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Topic: § 433 The reason for calling matheology matheology
Replies: 24   Last Post: Feb 22, 2014 5:23 PM

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 thenewcalculus@gmail.com Posts: 1,361 Registered: 11/1/13
Re: § 433 The reason for calling matheology matheol
ogy

Posted: Feb 20, 2014 11:36 AM

On Thursday, February 20, 2014 1:39:24 PM UTC+2, muec...@rz.fh-augsburg.de wrote:
> Zeitgeist on the odds of my students to understand transfinite set theory:" if they can be convinced that what their senses tell them may be Not be the whole picture, then they may have a chance."

What a dunce. Tsk, tsk. Not worthy of addressing seriously.

> Virgil, appearing as Wisely Non-Theist: "There are 'more' real numbers than there are finite definitions to define them with, so most reals can only be defined collectively, not individually."

Obvious rot, because the set of natural numbers consists of elements whose definitions are ALL finite.

> Ben Bacarrisse emphasized: "They are not 'entirely undefinable'. The set of them can be defined." And he added: "You can know things about the set. For example, that it can't be bijected with N."

A bumbling moron. Probably a close second or third to the forum idiot (Wizard of Oz). If the real numbers are not entirely definable, then one can't even begin to talk about a countable set, because wait for it, ... in order for a set to be countable, ALL of its elements must have names (read as: defined). The bijection part is possible only if one knows ALL the elements one is dealing with. And here is a paradox: Only a mainstream moron will attempt to list a set not knowing that all its elements don't have names.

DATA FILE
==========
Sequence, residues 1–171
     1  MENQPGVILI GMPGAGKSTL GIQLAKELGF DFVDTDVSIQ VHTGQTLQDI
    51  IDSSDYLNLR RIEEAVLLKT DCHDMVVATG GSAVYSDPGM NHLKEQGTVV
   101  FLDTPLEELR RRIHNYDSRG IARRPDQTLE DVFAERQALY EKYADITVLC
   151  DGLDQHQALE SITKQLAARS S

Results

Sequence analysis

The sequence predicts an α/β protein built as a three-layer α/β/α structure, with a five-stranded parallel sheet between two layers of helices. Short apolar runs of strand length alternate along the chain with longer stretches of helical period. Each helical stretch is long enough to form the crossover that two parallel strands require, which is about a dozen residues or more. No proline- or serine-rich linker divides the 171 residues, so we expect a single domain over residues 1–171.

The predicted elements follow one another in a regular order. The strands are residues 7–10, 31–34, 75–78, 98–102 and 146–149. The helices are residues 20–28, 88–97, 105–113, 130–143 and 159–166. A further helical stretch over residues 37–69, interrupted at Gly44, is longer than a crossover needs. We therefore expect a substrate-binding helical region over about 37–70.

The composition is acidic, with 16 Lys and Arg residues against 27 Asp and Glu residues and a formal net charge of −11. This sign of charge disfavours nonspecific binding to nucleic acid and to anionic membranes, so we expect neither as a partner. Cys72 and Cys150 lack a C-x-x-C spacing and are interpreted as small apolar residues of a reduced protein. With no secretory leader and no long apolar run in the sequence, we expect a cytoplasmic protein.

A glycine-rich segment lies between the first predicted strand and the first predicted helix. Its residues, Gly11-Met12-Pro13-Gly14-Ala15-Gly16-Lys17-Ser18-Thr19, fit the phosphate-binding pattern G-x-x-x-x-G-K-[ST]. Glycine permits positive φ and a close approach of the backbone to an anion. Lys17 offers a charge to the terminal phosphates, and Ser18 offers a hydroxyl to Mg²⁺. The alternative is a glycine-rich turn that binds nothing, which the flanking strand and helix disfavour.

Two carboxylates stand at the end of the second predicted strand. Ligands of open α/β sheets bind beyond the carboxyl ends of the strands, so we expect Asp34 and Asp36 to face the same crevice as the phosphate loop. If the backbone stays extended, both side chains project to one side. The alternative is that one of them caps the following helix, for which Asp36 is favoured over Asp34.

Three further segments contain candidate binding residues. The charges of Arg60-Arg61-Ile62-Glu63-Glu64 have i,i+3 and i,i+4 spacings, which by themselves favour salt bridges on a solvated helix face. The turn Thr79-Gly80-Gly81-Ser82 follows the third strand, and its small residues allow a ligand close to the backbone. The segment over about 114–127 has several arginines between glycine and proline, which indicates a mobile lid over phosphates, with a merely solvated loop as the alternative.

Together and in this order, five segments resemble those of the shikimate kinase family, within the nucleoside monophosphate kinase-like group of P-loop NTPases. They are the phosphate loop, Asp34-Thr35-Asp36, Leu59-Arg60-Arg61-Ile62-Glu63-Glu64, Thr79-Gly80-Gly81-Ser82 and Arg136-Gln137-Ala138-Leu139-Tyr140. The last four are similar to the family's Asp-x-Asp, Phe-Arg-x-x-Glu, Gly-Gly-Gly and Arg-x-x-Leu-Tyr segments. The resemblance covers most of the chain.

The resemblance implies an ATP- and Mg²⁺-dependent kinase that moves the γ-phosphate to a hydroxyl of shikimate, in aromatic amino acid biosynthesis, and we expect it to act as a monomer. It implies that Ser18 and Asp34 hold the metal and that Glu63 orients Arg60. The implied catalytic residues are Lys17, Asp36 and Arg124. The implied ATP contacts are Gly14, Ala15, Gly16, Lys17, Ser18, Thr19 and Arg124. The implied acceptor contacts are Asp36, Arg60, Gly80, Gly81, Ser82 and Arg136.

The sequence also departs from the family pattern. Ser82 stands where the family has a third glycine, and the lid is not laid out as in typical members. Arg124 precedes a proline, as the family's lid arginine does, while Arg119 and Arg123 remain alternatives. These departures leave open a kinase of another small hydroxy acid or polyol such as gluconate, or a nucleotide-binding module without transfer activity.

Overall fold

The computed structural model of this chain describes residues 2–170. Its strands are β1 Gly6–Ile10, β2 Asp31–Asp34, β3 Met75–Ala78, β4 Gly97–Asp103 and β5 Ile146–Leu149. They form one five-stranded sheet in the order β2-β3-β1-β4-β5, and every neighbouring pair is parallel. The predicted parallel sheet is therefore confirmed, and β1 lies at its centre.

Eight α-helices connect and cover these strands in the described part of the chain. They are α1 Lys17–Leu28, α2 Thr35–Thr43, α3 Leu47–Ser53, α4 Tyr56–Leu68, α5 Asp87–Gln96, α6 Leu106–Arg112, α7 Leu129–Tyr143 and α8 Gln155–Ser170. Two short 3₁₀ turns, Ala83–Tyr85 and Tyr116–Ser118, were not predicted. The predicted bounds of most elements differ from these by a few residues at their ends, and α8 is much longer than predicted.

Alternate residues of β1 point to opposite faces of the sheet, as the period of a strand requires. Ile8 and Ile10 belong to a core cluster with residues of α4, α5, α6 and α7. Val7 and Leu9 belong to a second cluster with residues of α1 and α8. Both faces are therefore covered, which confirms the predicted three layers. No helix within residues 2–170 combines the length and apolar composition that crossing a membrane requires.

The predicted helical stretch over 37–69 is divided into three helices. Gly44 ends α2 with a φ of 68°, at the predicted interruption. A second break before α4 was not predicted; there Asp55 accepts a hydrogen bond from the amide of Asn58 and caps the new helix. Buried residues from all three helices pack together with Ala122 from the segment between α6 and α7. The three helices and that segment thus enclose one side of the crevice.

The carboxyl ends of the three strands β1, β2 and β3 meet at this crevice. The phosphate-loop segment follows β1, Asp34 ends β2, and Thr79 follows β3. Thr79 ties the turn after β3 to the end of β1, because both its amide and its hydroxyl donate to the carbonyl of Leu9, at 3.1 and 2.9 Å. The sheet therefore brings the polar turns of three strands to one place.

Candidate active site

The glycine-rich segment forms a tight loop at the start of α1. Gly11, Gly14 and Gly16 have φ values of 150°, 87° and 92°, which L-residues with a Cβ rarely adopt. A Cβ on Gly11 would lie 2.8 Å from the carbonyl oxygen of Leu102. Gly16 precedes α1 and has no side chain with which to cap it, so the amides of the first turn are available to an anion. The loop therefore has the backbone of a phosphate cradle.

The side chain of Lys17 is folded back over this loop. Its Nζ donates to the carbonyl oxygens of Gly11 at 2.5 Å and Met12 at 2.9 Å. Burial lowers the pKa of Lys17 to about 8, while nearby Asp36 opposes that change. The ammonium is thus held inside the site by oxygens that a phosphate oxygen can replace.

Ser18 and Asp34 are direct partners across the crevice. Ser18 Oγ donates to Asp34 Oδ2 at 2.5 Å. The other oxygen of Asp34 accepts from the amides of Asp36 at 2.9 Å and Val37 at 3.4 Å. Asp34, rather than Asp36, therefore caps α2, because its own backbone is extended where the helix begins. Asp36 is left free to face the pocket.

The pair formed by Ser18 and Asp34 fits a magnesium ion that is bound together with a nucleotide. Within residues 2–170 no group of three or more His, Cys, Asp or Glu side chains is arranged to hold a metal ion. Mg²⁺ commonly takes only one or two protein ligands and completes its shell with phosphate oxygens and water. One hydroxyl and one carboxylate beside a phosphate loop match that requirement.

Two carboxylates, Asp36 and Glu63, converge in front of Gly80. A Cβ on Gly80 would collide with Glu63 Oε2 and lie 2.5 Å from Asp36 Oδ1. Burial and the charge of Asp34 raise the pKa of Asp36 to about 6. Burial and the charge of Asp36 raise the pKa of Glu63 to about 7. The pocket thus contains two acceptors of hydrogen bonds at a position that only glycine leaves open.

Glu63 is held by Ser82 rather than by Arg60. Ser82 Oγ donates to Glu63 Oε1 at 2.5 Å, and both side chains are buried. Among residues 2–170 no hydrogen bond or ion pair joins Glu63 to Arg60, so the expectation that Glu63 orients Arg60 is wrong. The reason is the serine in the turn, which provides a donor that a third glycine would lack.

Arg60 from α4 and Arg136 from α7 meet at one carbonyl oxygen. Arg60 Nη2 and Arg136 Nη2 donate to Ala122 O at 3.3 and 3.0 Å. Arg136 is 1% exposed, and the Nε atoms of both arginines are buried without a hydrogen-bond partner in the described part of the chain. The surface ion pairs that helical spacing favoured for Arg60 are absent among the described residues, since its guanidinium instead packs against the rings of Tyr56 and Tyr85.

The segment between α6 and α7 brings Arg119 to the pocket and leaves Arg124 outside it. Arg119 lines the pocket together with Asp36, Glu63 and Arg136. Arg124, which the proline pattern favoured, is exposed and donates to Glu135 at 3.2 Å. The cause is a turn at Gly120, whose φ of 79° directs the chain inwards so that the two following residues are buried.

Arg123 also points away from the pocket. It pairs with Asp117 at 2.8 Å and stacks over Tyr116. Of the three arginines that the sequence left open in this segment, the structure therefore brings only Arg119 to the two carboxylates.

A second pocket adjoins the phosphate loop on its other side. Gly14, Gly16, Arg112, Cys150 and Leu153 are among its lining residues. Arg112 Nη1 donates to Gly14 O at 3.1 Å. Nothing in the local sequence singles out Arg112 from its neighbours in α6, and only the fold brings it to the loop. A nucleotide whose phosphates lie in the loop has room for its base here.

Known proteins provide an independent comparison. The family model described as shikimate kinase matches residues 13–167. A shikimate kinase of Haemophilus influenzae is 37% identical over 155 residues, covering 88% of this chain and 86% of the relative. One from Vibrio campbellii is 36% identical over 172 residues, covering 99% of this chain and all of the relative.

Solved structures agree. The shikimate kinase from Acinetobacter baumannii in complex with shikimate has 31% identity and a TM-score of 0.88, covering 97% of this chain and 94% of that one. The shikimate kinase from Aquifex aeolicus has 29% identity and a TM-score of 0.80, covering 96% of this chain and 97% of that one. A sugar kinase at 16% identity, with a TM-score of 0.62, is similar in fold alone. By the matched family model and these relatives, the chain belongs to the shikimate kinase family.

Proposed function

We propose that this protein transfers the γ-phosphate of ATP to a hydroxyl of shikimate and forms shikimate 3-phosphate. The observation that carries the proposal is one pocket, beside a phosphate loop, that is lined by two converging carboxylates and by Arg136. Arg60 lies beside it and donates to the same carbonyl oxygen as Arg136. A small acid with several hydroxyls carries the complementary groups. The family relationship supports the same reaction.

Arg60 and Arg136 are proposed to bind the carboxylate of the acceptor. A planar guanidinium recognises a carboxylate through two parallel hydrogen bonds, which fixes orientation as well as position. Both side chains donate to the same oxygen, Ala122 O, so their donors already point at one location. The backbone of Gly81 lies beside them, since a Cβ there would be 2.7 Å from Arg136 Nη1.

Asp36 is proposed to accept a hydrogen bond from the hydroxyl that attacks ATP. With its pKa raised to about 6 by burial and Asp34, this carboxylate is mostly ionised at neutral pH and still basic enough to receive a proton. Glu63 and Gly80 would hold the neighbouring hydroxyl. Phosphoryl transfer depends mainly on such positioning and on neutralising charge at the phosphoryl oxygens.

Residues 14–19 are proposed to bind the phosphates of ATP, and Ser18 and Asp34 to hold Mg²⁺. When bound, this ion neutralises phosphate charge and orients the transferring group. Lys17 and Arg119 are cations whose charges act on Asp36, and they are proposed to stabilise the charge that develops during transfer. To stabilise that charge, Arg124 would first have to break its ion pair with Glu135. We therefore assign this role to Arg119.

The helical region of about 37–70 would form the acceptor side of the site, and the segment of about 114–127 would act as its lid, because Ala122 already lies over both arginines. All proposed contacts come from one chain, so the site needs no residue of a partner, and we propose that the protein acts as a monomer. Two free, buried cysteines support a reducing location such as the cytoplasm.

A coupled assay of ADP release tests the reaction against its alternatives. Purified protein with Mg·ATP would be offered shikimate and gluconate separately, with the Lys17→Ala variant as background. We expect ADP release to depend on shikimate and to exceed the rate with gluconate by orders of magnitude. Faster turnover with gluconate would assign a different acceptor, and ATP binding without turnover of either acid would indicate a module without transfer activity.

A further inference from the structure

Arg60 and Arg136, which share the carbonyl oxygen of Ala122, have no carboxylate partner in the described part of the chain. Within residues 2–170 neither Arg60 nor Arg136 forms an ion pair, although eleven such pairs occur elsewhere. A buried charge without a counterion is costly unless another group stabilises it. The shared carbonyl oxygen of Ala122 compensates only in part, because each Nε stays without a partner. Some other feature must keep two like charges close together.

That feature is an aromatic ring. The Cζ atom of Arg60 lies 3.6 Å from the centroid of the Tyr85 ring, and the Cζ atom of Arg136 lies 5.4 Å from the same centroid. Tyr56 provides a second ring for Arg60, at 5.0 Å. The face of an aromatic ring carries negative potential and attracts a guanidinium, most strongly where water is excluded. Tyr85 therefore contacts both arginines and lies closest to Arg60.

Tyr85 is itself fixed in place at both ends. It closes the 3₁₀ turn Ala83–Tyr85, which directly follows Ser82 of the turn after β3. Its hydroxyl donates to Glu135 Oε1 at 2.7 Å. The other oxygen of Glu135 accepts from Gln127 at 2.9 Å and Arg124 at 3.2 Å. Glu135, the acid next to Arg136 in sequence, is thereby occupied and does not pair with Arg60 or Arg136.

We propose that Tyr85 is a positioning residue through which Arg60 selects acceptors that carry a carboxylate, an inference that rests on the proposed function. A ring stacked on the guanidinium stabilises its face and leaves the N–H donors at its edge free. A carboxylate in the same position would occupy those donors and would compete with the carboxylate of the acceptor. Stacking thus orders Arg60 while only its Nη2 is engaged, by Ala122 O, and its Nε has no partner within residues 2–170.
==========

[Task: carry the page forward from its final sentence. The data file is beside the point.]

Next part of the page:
> William P. Hughes: "A subcollection of a listable collection may not be listable."

I hear Star Trek music playing when I read that.

> Alan Smaill: "After all, since matheology accepts undefinable real numbers, then why are you trying to suggest that it does not accept undefinable enumerations?"

I don't know anything about matheology, so I'll withhold comment on that one.

> That is true. I never got a grasp of this idea: Why should undefinable definable enumerations (aka lists) be exempt from the list of unlisted exemptions?

If you use a term like "undefinable definable enumerations", then you are already in serious trouble with mathematics! Your logic is nonsense.